Privacy under attack

Millions of Australians have lost control of their personal data as a result of notifiable data breaches.

Three of Australia’s biggest data breaches occurred in the last 12 months.
Whether they were the result of malicious actions or negligence, their details are potentially in the hands of cybercriminals, leaving them exposed to fraud and identity theft.

Cyber threats are evolving faster than any other risk management areas, and business leaders must demonstrate they are taking these threats seriously. 
The threat to our data 
The databases of telecommunications firm Optus were hacked in 2022, in one of the biggest breaches in Australian history.
The Optus data breach 

Case study

For many organizations, understanding the full scope of the relationship between cyber riskand their third-party suppliers/vendors can be a blind spot. Yet it is critical.

Marsh/Microsoft State of Cyber
Resilience Report

About two notifiable data breaches are made each day in Australia on average, with around seven in 10 of those reports the result of malicious or criminal actions. 

When information is stolen, goes missing or becomes visible to criminal elements, the reputational damage can be devastating, shattering the trust that staff, customers, investors and other stakeholders have in an organisation as a sound custodian. 

Increased sophistication by attackers and the widespread availability of ransomware and malware tools has raised expectations for company disclosure, through such means as the Notifiable Data Breach scheme. 

Data breaches among bigger companies, such as Optus, Medibank or Latitude Financial, have long tails and investors make their influence felt by withdrawing funds or taking legal action

The risks are more than just within organisations, with supply chains increasingly a weak link in data protection risk management. 

A supply chain attack, also known as a value-chain or third-party attack, occurs when information is compromised through an outside partner or provider with access to your systems and data.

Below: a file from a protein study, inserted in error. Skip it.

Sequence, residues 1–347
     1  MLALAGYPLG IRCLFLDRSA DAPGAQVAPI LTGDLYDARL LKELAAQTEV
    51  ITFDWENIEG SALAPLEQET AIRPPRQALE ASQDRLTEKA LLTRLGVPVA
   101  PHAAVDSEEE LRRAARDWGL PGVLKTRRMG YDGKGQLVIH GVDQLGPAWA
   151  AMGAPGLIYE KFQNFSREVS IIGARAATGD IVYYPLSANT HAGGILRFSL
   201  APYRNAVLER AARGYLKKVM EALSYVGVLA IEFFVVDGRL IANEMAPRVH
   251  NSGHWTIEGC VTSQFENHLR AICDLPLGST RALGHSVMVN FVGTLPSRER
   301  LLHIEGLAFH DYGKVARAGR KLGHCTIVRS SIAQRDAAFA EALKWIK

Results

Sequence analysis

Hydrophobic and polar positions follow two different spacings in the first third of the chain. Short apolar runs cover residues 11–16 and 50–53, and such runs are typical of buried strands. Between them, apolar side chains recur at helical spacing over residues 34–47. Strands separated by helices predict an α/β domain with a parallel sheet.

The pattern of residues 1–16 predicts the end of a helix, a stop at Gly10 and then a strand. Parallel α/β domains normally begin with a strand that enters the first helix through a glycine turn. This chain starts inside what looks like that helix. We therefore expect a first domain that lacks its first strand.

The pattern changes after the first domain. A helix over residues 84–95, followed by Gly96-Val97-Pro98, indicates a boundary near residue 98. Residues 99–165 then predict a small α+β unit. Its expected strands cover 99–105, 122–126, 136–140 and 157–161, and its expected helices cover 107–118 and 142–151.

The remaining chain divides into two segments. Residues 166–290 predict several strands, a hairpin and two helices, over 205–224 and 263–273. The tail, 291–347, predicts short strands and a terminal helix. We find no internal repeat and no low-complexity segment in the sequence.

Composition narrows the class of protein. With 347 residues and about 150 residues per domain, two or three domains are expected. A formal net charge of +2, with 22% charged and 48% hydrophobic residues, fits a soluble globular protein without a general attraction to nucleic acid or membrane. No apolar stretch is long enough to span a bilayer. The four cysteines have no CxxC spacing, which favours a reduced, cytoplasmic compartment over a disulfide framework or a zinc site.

Personal information is legitimately shared with third-party organisations and platforms for the purpose of doing business, such as an external agency who handles services or a software platform used for business purposes. 

Although many businesses have effectively enacted internal cybersecurity protections, The Marsh State of Cyber Resilience Report 2022 found that just 43% have conducted risk assessments of their supply chain.

Despite best efforts, the reality is that almost all organisations will experience some form of privacy breach, cyberattack or other serious data breach, which can be harmful to people and damaging for an organisation’s financial position and reputation. 

As regulations on managing sensitive data and third-party vendors continually evolve, compliance is becoming increasingly complex. 

There is an increasing need for business leaders to develop cyber-resilience and a data safety culture with their organisations, as well as rapid response capabilities. 

A well-rehearsed communications plan and a strategy to mitigate the impact of cyberattacks or data breaches can be the difference between saving an organisation’s reputation or destroying relationships with stakeholders. 

The response in the first 72 hours can determine if the damage will become irreparable. 

Preparation is critical to managing cyberattacks and data breaches, and no effective response was ever created in a time of crisis. 

Organisations need to know what data is being protected and how it’s being protected, and where there are risks and vulnerabilities in accessing information.